#Mutiny: Why the 12 military soldiers are condemned to die

Military-courtTwelve soldiers were on Monday sentenced to death by a nine-member military tribunal in Abuja for attacking their commanding officer while on duty.

The soldiers, accused of mutiny, – a situation in which a group of people (soldiers) refuse to obey orders from their commander and try to take control of themselves – a crime in the military which is punishable by death, had on May 14, 2014, rebelled against their commanding officer during one of the battles involving military officers and insurgents in Borno state. Some of the soldiers were said to have fired shots at the General Officer Commanding, 7 Division of Nigerian Army, Maj. Gen. Ahmed Mohammed, in Maiduguri.

Mohammed had to take cover as they aimed their guns at him – firing bullet-holes in his armour-plated staff car – but he was not injured.

Of the 18 soldiers accused of violation, 12 were convicted and sentenced to death, one was sentenced to 28 days in jail with hard labour, while 5 were discharged and acquitted.

Why these soldiers revolted
The convicted soldiers were angry after a convoy of military men were ambushed on a road frequently targeted by Islamist Boko Haram militants.

Also, there were reports last month of a group of soldiers in the north-east refusing to fight Boko Haram until they received better equipment. Front-line troops often complain that they lack adequate weapons and equipment to face insurgents, while others complained of not being paid or properly fed.

Coupled with the loss of colleagues, closed friends and family members, these probably triggered the human in them. For a second they forgot the rules of the military, which they had signed up for and let emotions override the directives of their commanding officer.

Mutiny is death
The Ultimate Military Rule is “Obey First Before You Complain”. Essentially, Military officers have no right to express their personal thoughts or feelings once a command is given by their commanding officer.

Some of the crimes punishable by death which are regarded as mutiny are;
-Coup d’etat
-show of cowardice while on duty
-Forcing a safeguard
-Striking a superior officer
-Disobeying in such a manner as to show a wilful defiance of authority or command given personally by his superior officer

This is not the first time military officers have been sentenced to death for mutiny in Nigeria. On 13th February 1976, Lieutenant-colonel Bukur Suka Dimka led a coup which claimed the lives of three officers; General Murtala Muhammed, Head of State, Col. Ibrahim Taiwo, Governor of Kwara State and Lt. Akintunde Akinsehinwa, ADC to Muhammed. This led to the arrest and subsequent execution of Dimka and his co-conspirators.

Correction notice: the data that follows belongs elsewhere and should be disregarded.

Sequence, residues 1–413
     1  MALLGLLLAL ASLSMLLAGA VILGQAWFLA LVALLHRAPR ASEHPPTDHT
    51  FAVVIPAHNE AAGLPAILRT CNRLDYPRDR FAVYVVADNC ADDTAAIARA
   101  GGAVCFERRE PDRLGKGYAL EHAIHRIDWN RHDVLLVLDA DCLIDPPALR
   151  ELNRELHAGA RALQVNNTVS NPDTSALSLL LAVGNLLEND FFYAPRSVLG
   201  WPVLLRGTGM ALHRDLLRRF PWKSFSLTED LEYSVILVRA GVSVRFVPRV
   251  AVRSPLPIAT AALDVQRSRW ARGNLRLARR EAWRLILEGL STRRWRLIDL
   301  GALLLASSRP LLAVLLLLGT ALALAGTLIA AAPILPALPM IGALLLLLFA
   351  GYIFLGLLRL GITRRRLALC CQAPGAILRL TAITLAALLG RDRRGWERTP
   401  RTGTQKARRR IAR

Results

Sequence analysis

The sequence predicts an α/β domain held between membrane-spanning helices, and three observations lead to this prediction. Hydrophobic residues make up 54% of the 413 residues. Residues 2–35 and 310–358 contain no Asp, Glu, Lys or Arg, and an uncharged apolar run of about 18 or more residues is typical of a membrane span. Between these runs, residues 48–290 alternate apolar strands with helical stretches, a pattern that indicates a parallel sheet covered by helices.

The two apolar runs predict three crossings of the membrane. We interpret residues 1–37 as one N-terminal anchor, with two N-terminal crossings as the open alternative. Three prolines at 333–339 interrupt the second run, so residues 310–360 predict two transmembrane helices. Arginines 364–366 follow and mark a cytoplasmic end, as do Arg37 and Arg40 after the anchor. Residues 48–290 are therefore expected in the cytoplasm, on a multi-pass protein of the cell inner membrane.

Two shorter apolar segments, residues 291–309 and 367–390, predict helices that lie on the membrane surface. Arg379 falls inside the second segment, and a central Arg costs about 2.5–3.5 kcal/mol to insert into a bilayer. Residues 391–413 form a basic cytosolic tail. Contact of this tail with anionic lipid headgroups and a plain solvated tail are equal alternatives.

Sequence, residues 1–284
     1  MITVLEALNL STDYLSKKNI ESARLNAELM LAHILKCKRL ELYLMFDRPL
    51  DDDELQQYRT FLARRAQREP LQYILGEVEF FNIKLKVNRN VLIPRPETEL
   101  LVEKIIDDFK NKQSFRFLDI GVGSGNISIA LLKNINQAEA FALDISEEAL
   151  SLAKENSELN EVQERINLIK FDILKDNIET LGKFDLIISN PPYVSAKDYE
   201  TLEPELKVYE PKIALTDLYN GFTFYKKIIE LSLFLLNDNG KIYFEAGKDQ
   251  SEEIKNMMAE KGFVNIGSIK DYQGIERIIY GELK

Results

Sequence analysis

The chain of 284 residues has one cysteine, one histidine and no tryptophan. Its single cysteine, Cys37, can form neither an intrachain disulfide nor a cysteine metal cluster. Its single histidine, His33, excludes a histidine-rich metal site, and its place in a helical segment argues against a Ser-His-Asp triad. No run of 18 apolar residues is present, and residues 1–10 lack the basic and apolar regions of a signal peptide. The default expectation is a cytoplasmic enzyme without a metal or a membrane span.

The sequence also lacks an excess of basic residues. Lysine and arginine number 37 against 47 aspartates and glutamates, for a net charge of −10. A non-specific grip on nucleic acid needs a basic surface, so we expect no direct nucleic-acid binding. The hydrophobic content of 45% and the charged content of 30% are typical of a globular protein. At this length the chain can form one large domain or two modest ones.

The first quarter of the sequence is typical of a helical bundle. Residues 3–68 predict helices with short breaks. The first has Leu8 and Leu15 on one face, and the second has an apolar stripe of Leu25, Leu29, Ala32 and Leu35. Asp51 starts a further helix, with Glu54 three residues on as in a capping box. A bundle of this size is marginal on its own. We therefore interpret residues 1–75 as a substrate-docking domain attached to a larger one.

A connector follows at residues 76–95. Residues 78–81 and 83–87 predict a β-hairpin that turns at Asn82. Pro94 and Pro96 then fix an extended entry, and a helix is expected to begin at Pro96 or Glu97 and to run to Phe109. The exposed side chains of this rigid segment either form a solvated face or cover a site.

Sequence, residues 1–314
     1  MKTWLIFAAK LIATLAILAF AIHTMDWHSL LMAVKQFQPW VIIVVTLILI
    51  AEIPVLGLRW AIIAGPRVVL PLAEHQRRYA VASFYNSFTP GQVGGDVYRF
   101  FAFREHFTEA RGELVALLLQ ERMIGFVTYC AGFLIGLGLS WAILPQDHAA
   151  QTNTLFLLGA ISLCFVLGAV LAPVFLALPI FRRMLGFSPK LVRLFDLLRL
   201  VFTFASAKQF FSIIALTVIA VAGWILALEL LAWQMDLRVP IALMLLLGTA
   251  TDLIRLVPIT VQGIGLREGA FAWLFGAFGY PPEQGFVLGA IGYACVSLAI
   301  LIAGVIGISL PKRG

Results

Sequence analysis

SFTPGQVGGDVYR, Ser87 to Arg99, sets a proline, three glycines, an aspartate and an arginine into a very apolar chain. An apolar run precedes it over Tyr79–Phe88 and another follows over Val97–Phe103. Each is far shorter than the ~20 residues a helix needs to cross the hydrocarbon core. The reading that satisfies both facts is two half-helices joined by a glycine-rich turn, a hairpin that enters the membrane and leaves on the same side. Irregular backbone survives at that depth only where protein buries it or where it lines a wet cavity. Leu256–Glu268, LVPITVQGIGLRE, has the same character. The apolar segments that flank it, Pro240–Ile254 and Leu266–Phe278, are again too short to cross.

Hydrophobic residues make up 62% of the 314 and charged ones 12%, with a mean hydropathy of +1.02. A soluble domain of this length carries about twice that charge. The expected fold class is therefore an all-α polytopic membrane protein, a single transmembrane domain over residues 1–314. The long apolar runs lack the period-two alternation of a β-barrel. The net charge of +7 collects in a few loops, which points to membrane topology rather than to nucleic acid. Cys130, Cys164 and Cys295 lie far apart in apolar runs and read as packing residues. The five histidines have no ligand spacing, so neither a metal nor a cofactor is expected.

Also, on 22 April 1990, Gideon Orka staged a coup to unseat the government of Ibrahim Babangida. The coup failed. Following that failure, there was a trial and the largest execution of coup plotters in Nigeria’s history. Sixty-nine soldiers of various ranks were executed by firing squad.

Even our colonial masters have not been spared of the occasional mutiny. The biggest wartime mutiny (disobedience) in the history of Britain’s armed forces occurred in September 1943. Military officers of the 51st Highland Division and the 50th Northumbrian Division who had been injured in the North African campaign were told that they were to be returned to their colleagues in Sicily, but once they boarded a ship, they were told they weren’t actually being returned to their original units at all and were instead being taken to reinforce US troops in the fight for Salerno. A total of 600 men refused to fight. It later transpired that the order to send them to Salerno had been given in error. 191 men were found guilty of treason, and three sergeants were sentenced to death. In 1982, the British government refused to offer a pardon, stating, “There are no grounds for doing so which could not be applied to many other mutineers and deserters . . . Nor which would not denigrate the actions of the many millions who fought bravely and obeyed orders at all times.”

So, there is no two way about the decision taken by the court martial in Abuja on the convicted soldiers. Although the charges were denied by the convicts, once again, in the military, it’s obedience before complain. These soldiers will have to face their death sentence before they can ‘have the chance to defend their actions’.
Court President, General Chukwuemeka Okonkwo said that while the sentences were subject to confirmation by Nigeria’s military authorities, there was no doubt about the seriousness of the offence.

The sentencing panel took into account the “likely effect on counter-insurgency operations” of the incident as well as its “implications on national security”.

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